Here we go again! It’s time for the annual South Carolina Sales Tax Holiday, just in time for back-to-school shopping – which, we’ve come to understand, is the primary reason for the event.
During this special period of three days, Aug. 5-7, you won’t have to pay the state’s 6% sales tax when you purchase any items on the official S.C. Department of Revenue “exempt” list. This means you can get a break on the cost when you buy essentials that your students will need to go back to school in style – not just clothes and socks, but ski boots, choir robes, and formal wear! Exciting, isn’t it?
And just a bit kooky, if you ask me.
It has been a while since I shopped for school supplies, but I don’t recall that my kids ever needed a tuxedo or ski boots for school. We aren’t exactly in the snow belt.
If skiing isn’t your child’s thing, you can also get the tax break on hunting attire, hiking boots, and swimwear and leotards.
While some of the list seems odd, it’s just as weird to consider related items that are not on the exempt list. Though you can buy diapers, you can’t get a break on a stroller or car seat. You can get a shower curtain tax free, but not the rod or rings to hang it. (And these are the only curtains you can get; dorm window treatments are not exempt.)
I understand why suits and dresses are exempt, but wedding gowns and veils? Yes, they are on the list! What message are we sending to our kids?
The supplies list for elementary schools generally includes pencils, pens, erasers, binders, folders, flash drives, calculators and glue – all of which are on the exempt list. But other simple things that teachers desperately seek, like boxes of tissues and hand sanitizers, are on the taxable list.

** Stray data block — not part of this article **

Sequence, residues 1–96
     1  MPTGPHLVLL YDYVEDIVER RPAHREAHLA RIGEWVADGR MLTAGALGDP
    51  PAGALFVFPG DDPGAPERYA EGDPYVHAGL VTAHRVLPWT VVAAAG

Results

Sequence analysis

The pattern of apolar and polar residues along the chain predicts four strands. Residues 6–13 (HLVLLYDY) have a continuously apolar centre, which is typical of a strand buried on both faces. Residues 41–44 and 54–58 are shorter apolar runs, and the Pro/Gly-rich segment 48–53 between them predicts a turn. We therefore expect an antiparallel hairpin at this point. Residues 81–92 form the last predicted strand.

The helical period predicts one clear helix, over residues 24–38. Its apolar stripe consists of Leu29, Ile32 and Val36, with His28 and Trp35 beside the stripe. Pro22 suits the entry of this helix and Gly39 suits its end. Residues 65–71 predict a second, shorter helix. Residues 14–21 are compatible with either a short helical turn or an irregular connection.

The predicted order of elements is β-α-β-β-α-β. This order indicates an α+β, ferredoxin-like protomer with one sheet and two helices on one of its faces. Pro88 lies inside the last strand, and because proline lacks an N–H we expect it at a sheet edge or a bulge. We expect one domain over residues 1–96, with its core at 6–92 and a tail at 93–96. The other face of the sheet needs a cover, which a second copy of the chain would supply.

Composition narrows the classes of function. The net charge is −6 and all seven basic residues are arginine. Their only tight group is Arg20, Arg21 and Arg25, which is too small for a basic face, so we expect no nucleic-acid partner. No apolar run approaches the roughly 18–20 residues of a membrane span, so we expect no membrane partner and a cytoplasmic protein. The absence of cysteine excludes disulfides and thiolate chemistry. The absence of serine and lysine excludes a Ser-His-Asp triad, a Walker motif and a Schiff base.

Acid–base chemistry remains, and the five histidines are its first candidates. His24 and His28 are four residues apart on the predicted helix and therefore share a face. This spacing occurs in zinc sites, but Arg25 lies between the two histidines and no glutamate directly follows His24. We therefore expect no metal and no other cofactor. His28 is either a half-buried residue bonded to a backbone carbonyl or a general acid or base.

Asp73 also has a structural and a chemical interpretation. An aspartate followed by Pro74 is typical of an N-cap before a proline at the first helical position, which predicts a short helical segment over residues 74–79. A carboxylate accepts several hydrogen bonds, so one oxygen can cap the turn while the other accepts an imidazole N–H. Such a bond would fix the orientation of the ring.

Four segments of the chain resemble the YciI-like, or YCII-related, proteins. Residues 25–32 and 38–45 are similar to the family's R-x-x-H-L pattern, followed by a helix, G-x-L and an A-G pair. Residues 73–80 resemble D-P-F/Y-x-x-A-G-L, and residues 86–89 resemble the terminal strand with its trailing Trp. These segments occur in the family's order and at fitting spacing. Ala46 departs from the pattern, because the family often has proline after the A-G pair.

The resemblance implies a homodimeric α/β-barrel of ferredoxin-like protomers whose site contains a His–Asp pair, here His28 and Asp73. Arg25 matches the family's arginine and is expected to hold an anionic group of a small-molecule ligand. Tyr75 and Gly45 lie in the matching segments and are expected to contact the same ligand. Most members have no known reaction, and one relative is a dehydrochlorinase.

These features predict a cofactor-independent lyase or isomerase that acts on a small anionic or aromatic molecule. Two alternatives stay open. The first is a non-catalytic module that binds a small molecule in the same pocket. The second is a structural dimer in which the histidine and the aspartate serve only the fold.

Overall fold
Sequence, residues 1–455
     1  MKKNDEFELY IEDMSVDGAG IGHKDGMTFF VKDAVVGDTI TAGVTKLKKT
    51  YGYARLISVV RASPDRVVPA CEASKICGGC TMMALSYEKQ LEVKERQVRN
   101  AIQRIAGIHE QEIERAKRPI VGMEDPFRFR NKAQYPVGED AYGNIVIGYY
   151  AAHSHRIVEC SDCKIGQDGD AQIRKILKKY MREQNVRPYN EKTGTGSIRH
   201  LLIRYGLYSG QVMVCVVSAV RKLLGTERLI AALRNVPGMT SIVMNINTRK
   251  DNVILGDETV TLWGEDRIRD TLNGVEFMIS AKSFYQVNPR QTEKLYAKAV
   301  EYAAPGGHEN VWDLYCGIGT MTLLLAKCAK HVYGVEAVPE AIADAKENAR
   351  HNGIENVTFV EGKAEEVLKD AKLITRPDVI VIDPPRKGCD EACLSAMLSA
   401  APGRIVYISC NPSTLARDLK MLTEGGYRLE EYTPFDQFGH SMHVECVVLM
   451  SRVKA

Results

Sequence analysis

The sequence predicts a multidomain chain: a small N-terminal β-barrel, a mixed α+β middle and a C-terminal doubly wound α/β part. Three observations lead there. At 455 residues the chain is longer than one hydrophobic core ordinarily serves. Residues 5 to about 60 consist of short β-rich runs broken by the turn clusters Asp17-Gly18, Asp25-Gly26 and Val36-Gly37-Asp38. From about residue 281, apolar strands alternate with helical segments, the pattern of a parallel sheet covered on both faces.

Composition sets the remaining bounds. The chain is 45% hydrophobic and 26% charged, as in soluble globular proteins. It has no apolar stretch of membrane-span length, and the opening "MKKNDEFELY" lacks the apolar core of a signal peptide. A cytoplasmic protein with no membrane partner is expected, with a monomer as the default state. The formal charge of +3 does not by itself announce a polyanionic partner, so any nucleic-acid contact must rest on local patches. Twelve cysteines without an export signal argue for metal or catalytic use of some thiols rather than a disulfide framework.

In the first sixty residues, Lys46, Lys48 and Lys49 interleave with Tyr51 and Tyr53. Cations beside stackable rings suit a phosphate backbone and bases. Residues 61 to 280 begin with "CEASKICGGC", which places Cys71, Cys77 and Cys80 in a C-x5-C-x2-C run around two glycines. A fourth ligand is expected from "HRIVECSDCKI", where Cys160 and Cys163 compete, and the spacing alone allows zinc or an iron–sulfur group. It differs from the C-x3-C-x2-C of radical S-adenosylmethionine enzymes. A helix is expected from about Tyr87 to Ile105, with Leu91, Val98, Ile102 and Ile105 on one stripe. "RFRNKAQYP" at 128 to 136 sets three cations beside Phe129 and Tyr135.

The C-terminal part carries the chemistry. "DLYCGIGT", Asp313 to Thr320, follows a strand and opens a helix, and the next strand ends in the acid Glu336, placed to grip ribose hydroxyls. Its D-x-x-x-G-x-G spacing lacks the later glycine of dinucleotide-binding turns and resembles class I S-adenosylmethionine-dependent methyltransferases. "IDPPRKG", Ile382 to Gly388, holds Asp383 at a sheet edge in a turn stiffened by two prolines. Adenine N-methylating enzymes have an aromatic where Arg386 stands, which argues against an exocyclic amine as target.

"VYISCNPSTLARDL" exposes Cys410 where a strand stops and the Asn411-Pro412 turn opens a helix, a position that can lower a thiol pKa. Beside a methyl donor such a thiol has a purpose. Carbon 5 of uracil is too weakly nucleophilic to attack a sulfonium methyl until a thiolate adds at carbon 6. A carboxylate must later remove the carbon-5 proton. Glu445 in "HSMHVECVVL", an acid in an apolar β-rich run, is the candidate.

For the college dorm room, you might want the tax-free bedding, pillows and a mattress pad, but you’ll have to pay the sales tax on a new mattress and box springs. While towels and washcloths are on the exempt list, toilet paper is not.
You can also buy costumes, but not makeup. Graduation caps and gowns are tax free, along with bibs and aprons.
Even on the list of expected items, there are oddities. For instance, you can buy a computer tax free, but not a separate keyboard or mouse. Printers are exempt, but scanners are not. I wonder how they treat an “all-in-one” print/scan/copy/fax machine.
All sorts of shoes are exempt – from sneakers to cleats, from orthopedic shoes to golf shoes – but shoelaces are not.
You can get school, work and scout uniforms, but not eyeglasses, hard hats or life jackets. Purses are exempt, but don’t try to buy a wallet to go with.
This “sale” has been going on since 2000. It’s not just for school items, obviously – and not just for kids. Anyone, any age can buy things on the list with no sales tax added. Items can be purchased in person or online.
Retailers don’t have the option to charge sales tax on the exempt items – they must honor the list.
I discovered that it’s not just our state that holds these sales tax-free events – 17 other states have them, mostly for back-to-school items, and some for various other reasons.
In Florida, there’s a Freedom Week (held over the July 4 weekend) during which one could purchase all sorts of outdoor and boating supplies (under $25), coolers, kayaks and other fun stuff.
Now, those are items we could definitely use here in the Lowcountry. Wedding gowns for school kids, not so much.